His agent, Lenny Strelitz, suggested Volquez would benefit from working with Pirates pitching coach Ray Searage and front-office pitching guru Jim Benedict. Pittsburgh had become a hub for reclamation projects. Before Volquez arrived, the duo rebuilt floundering hurlers such as Francisco Liriano and A.J. Burnett.
“They know how to fix people,” Volquez said.
Searage stressed simplicity to Volquez. He encouraged him to write those messages on his hat. Volquez possesses an enviable arsenal. When he was a prospect, scouts compared him to Pedro Martinez. But in the years since Tommy John surgery in 2009, Volquez’s mechanics devolved.
Searage contrasted video of Volquez in his youth and Volquez in his dark periods. He made a series of subtle suggestions and tweaks, aimed toward recapturing Volquez’s youth and erasing the bad habits he learned in the intervening years.
With each offering, Volquez said, he dropped his hands to his midsection before returning them to his chest. The extraneous motion misaligned his upper half with his lower body, leading to poor location. Volquez also removed his right hand from his glove too early, and exposed the baseball to the hitters.
“They probably knew what was coming,” he said.
Re-aligned and re-adjusted, Volquez responded with his finest season since his All-Star campaign in 2008. Searage convinced Volquez to eschew strikeouts in favor of soft contact. Volquez produced grounders gobbled up by his defenders. He finished the season with a career-low ERA (3.04) and a career-low walk rate (3.3 per nine innings).
“Edinson was a joy to work with,” Searage wrote in an email to The Star. “He is a super teammate and always kept things at an even keel. Never too high or too low. He trusted our process and stuck with it. He may give me credit but he had faith in himself and his abilities.”
The Royals gambled Volquez could repeat his performance outside of his Steel City comfort zone. Handed a two-year, $20 million contract, Volquez resembles a bargain. Rival scouts at Kauffman Stadium felt the Yankees looked overmatched in Volquez’s presence on Sunday.
“He was on today,” first baseman Eric Hosmer said. “He was firing strikes. They were quick innings. He never really got himself into any jams, or any trouble right there.”
Volquez retired the first 11 batters. Alex Rodriguez smacked a two-out double in the fourth to interrupt the reverie. Volquez drilled Teixeira with a fastball. Protecting a one-run lead, Volquez stepped off the mound to compose himself.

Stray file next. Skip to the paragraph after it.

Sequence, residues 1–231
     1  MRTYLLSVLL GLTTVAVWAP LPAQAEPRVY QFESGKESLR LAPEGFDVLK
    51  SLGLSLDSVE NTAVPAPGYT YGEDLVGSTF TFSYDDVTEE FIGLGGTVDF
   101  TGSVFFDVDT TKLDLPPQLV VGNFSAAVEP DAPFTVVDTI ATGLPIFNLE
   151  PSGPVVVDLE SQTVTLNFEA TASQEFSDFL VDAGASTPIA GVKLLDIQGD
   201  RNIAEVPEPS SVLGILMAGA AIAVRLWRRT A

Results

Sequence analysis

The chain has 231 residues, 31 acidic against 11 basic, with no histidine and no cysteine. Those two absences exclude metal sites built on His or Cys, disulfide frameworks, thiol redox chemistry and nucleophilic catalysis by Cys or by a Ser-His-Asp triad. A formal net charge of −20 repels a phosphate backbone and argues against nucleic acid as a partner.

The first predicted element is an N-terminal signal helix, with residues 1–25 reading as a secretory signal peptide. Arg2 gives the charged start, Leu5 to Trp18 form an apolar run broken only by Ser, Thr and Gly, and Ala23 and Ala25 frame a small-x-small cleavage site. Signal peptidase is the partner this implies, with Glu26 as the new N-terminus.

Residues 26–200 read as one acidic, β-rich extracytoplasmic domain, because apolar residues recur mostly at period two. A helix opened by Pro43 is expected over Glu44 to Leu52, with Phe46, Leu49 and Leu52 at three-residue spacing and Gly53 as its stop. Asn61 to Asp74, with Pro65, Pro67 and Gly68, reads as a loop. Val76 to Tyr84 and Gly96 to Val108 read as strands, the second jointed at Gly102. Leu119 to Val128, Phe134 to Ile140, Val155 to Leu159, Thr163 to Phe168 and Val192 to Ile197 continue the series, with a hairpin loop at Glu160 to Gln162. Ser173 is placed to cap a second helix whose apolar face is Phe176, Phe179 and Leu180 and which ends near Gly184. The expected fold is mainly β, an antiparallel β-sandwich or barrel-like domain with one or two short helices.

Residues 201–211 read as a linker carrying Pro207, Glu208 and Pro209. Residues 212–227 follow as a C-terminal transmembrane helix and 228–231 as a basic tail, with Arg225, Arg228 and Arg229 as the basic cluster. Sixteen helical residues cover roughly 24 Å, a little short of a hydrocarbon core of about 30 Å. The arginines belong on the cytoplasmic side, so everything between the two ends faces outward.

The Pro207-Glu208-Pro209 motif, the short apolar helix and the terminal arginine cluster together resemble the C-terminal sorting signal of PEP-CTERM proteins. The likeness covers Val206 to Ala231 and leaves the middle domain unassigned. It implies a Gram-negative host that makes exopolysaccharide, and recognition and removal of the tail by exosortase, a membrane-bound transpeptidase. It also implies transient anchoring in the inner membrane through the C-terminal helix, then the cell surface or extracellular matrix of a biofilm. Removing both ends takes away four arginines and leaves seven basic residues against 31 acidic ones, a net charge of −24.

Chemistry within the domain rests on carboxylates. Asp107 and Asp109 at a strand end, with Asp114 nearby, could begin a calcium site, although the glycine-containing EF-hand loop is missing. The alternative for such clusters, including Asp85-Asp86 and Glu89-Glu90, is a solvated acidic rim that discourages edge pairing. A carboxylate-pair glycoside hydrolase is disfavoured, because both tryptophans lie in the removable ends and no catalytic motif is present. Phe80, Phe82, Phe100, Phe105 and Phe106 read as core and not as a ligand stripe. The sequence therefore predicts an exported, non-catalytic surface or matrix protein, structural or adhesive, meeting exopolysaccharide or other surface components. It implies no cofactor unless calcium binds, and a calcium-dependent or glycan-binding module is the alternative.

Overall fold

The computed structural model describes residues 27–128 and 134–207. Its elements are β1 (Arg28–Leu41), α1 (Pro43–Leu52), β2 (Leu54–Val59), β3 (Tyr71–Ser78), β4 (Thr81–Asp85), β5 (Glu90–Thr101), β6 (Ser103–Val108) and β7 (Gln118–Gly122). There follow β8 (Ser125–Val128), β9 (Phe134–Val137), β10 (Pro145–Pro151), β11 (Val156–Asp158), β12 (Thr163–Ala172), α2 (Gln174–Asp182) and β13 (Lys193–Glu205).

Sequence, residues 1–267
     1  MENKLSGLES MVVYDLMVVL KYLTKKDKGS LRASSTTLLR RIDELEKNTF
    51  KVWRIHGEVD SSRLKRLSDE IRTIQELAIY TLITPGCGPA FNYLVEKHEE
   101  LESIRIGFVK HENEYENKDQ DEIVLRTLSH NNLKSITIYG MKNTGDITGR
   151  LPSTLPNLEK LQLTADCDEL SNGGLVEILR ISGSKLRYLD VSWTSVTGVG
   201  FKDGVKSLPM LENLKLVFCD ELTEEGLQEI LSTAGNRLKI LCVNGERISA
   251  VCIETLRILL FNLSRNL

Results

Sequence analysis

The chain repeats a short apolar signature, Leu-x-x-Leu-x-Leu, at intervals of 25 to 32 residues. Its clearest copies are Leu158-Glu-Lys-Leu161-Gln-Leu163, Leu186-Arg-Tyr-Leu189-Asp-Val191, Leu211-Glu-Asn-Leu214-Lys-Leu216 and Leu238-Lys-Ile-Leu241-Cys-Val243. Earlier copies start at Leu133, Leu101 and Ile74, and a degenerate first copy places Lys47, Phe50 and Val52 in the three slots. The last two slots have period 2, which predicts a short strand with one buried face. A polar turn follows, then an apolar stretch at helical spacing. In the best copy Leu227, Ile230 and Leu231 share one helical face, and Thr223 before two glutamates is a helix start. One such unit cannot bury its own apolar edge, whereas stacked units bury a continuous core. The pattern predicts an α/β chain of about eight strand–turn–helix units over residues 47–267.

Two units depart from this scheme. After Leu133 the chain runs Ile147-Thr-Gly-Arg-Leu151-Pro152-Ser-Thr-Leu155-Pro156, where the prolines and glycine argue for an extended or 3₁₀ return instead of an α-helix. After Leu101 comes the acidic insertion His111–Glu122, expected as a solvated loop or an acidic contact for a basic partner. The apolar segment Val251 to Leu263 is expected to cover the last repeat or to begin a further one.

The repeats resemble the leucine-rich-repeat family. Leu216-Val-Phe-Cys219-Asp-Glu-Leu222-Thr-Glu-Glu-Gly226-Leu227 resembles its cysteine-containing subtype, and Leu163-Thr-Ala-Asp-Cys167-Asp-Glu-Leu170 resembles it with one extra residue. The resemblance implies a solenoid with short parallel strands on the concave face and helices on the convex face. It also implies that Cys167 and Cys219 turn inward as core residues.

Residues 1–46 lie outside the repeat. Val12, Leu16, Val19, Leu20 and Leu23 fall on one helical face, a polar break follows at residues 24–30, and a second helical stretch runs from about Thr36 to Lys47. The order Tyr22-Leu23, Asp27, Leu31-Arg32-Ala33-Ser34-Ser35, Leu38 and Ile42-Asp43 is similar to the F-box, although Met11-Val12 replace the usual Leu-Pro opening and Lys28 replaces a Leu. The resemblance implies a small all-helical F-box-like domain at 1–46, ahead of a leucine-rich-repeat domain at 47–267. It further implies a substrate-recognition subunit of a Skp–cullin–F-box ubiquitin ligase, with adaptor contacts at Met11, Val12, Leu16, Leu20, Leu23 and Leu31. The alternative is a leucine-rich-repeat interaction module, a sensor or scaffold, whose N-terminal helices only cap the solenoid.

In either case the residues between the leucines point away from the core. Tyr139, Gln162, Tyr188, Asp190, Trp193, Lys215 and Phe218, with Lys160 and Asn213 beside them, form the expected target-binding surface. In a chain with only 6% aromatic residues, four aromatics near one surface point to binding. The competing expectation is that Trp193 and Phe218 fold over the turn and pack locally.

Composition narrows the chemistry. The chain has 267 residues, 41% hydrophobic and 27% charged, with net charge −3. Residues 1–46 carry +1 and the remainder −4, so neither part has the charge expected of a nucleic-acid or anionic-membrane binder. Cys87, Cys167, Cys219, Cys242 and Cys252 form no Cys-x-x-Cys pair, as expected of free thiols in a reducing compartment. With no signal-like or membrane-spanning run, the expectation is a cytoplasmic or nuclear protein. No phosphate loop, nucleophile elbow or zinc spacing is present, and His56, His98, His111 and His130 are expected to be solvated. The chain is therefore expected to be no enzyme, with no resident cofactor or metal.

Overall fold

Up came Yankees catcher Brian McCann, another left-handed hitter. Volquez had tormented McCann with change-ups in their first encounter. This time he dropped a curveball for a first-pitch strike. He flipped two more change-ups. With the count at 1-2, Volquez buzzed a 94-mph fastball past McCann’s empty swing.
“I was able to make a lot of good pitches,” Volquez said. “A good sequence. And I got the out.”
In the bottom half of the inning, Kansas City knocked around Capuano. After walks by Lorenzo Cain and Hosmer, Kendrys Morales hit an RBI single, Perez got an RBI single and Omar Infante roped an RBI double. The Yankees did not get a runner to second base again against Volquez.
After the game, the Royals designated Volquez their player of the game. They dowsed him with water, a postgame tradition. Volquez dried off and held a press conference. He explained to reporters the a approach that has become instinctual for him, a strategy he absorbed last season and still writes reminders to himself in 2015.
“I was able to throw a lot of strikes,” Volquez said. “Attack those hitters. And keep the ball down.”
It sounds so simple. The career of Volquez proves it is not. His ability to practice it this season will only benefit the World Series aspirations of the Royals.
“He’s been doing that all year,” Moustakas said. “He’s been dealing for us all year.”